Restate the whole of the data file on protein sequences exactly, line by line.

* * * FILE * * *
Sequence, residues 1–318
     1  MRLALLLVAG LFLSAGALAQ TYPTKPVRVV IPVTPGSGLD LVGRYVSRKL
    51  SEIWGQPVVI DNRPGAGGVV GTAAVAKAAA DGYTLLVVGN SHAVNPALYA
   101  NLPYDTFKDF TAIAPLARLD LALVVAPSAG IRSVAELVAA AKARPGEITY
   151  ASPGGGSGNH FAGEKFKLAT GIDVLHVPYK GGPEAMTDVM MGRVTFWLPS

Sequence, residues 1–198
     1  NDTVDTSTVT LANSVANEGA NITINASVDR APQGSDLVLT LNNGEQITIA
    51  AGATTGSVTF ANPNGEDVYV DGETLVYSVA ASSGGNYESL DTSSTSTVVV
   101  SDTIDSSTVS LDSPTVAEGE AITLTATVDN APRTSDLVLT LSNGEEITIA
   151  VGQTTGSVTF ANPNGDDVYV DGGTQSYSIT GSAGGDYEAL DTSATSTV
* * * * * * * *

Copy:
Sequence, residues 1–318
     1  MRLALLLVAG LFLSAGALAQ TYPTKPVRVV IPVTPGSGLD LVGRYVSRKL
    51  SEIWGQPVVI DNRPGAGGVV GTAAVAKAAA DGYTLLVVGN SHAVNPALYA
   101  NLPYDTFKDF TAIAPLARLD LALVVAPSAG IRSVAELVAA AKARPGEITY
   151  ASPGGGSGNH FAGEKFKLAT GIDVLHVPYK GGPEAMTDVM MGRVTFWLPS

Sequence, residues 1–198
     1  NDTVDTSTVT LANSVANEGA NITINASVDR APQGSDLVLT LNNGEQITIA
    51  AGATTGSVTF ANPNGEDVYV DGETLVYSVA ASSGGNYESL DTSSTSTVVV
   101  SDTIDSSTVS LDSPTVAEGE AITLTATVDN APRTSDLVLT LSNGEEITIA
   151  VGQTTGSVTF ANPNGDDVYV DGGTQSYSIT GSAGGDYEAL DTSATSTV